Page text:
Georgia Bulletin

The Newspaper of the Catholic Archdiocese of Atlanta


St. Patrick’s Day Mass Brings Out Atlanta’s Irish

By ERIKA ANDERSON, Staff Writer | Published March 25, 2004

The Cathedral of Christ the King was awash in green and the festive atmosphere peppered with the sounds of lilting Irish brogues as Irish Catholics from across the archdiocese gathered to celebrate the feast day of their patron saint.

Sponsored by the Hibernian Benevolent Society of Atlanta, the annual St. Patrick’s Day Mass was celebrated by Archbishop John F. Donoghue and concelebrated by 15 priests of the archdiocese March 17.

The pews were filled with native Irish, those of Irish ancestry, and those “Irish for the day.”

Father Brian Higgins, himself born of Irish descendants, was the homilist for the Mass.

Father Higgins began his homily with trademark Irish wit.

“Upon writing this morning’s homily, I reflected on the fact that since the days I was a seminarian to my four-plus years as a priest, I have had nothing but Irish pastors,” he said. “So I can say in all sincerity, I am the priest I am today because of the Irish. May God have mercy on your souls.”

His relatives came to America during the Great Irish Famine of the 1840s, and his great-grandmother soon opened up a boarding house for Irish immigrants, Father Higgins said. While he loves America, he said, he cannot ignore the country from which his ancestors came.

“And I am reminded of my ancestry in the everyday details of my life,” he said. “I know I am Irish when I find humor in the absurd. I know I am Irish when I find joy in a good argument, even if I have to contradict myself several times in the course of the debate. I know I am Irish when I don’t let facts stand in the way of a good story, and I know I am Irish when my heart yearns to be closer to Christ and His Church.”

Every Christian, Irish or otherwise, has an obligation to bring Christ to others, he said.

“My friends, whether we were born in Ireland or not, we can proudly proclaim we are her sons and daughters. And as her children we have a mission, a mission much like St. Patrick, St. Brigid, and St. Brendan before us to bring the Word of God forward to a world, much like theirs, that does not want to hear the truth,” he said. “Yet we cannot be deterred, for we have a mission, a mission to make Christ present, to make Christ visible to a world that is growing ever blind.”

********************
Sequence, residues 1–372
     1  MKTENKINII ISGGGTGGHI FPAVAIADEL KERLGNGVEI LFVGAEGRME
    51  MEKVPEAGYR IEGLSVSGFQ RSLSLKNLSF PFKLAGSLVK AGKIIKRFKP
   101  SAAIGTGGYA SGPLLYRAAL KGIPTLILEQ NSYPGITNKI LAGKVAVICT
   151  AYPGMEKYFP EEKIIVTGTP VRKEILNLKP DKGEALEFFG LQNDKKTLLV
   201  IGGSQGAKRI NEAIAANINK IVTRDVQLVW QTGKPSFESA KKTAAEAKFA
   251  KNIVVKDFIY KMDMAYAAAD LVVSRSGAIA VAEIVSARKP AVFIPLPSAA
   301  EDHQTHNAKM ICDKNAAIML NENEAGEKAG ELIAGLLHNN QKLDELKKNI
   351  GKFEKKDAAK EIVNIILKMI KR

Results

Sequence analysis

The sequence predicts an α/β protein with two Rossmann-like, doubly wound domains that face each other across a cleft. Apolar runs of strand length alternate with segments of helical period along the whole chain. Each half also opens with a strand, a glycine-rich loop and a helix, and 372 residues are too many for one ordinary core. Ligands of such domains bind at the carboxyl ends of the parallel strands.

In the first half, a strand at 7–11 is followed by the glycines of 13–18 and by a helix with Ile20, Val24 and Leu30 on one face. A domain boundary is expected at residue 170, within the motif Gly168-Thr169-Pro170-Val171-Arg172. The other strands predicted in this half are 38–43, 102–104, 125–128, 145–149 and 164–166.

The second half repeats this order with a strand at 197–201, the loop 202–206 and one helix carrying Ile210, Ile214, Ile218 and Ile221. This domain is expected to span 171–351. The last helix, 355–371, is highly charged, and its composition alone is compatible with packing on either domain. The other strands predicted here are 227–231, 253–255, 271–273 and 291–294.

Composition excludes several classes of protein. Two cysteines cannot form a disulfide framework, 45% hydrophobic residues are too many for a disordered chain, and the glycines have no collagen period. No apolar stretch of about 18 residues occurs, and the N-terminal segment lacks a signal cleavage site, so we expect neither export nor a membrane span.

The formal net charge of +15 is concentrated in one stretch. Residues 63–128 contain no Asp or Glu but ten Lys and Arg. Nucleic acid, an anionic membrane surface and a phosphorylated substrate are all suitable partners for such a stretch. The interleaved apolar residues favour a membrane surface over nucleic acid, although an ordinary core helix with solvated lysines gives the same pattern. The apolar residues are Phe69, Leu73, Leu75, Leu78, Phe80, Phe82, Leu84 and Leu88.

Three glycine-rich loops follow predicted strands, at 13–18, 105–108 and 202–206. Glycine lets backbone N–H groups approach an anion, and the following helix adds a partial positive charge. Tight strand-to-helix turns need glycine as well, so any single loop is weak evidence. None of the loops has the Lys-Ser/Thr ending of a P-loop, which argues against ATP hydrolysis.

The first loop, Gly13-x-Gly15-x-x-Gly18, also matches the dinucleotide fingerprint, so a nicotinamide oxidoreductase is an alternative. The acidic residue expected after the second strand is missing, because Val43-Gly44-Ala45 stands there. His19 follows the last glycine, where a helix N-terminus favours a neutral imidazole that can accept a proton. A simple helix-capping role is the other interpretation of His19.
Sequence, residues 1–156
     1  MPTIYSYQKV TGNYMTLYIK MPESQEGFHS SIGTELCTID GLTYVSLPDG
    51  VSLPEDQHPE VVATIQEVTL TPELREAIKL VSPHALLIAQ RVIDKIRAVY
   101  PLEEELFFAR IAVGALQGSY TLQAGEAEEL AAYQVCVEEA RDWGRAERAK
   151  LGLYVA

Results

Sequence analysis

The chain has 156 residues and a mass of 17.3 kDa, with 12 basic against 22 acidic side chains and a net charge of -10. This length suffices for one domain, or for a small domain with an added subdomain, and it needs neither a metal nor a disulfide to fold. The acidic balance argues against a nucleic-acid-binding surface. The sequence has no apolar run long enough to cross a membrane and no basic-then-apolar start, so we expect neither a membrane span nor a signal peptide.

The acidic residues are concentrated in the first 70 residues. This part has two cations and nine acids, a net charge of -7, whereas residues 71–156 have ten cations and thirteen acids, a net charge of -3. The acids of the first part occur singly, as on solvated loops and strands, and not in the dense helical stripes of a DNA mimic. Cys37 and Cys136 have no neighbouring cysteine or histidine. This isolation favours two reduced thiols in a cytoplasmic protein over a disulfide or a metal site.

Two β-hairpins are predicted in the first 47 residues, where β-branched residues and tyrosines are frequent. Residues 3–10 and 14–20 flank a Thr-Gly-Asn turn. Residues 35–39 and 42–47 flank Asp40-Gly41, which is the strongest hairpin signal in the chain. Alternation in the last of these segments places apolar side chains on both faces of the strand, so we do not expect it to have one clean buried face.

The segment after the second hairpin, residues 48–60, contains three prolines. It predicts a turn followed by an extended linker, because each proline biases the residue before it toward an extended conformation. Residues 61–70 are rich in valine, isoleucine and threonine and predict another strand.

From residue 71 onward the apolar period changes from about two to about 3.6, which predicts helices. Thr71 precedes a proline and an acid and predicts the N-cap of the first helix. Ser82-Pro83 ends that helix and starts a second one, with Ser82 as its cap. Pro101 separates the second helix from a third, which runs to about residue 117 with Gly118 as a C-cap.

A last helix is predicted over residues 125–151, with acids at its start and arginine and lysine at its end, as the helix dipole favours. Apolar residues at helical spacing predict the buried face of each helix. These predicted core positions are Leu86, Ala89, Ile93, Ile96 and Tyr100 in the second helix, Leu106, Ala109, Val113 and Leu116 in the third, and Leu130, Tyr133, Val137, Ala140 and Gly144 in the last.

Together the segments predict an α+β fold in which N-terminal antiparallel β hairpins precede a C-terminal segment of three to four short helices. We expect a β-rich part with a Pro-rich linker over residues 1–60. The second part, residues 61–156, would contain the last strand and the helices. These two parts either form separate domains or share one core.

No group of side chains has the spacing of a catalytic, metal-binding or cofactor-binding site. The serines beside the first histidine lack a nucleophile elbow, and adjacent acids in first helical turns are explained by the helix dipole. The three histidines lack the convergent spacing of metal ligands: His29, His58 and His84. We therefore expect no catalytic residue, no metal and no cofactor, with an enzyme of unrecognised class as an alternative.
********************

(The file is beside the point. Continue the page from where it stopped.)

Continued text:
Finally, Father Higgins reminded the congregation that the only ancestry that truly matters is that of Christ.

“My great-grandmother never forgot where she came from and neither should we, for we are all from Christ no matter where we were born, and like St. Patrick, Christ must be our destiny.”

As the soft pluckings of a harp sounded throughout the Cathedral, girls from the Helen Mountaine and Eileen Mulligan Schools of Irish dance, with their bouncing curls and ornate sequined costumes, brought up the offertory gifts, the taps on their shoes clip-clopping down the aisle.

Following Communion, Father Frank McNamee, pastor of St. Peter Chanel Church in Roswell, and a native Irishman, read a St. Patrick’s Day greeting from Mary McAleese, president of Ireland.

After Mass, the congregation gathered in the parish hall to dine on Irish soda bread and other treats and to be entertained by the Irish schools of dance.

Matt Naughton, a native of Ireland who has been in the United States for 44 years, said his Irish heritage is more important as he gets older.

“St. Patrick’s Day is a day to go back to our roots,” he said. “But being Irish today is different than when I was younger. Back then we were just that little island. Now I think the Irish consider themselves more European than they do Irish.”

St. Patrick’s Day is “a holiday in Ireland. You wore a sprig of shamrock and you went to church.”

But when Naughton came to New York, March 17 was a day for the Irish to express that “we’re here.”

In the early 60s, he recalled, the mayor of New York City was trying to “de-Irish the city.” He stopped the tradition of painting a green stripe up the middle of Fifth Avenue. But that didn’t deter Naughton and his friends.

“We drove up Fifth Avenue in the middle of a Sunday afternoon with a paint roller,” he said.

The group painted about two blocks of Fifth Avenue with a shiny green stripe.

Naughton’s wife of 34 years, Caroline, who is not Irish, said that she has been “very welcomed by the Irish in Atlanta.”

“We have been active in the Irish group for years,” she said. “It’s a huge part of our lives. It’s a time to get together with friends. It’s a special time.”

Maureen McGrinder, whose mother was born in Ireland, said that the religious aspect is the most important part of St. Patrick’s Day.

“To me, it’s a religious holiday. I remember when I was younger, we’d go to Mass early and then we’d go to the parade in New York City,” she said. “It was a deeply religious day, it wasn’t about the partying and drinking.”

Rose Begley, who has coordinated the St. Patrick’s Day Mass for nine years, said that she was pleased with the turnout. She estimated about 300 people attended the Mass.

“I thought it was excellent, just really wonderful,” she said. “It just keeps growing and growing. And we had a lot of priests this year, which was really great.”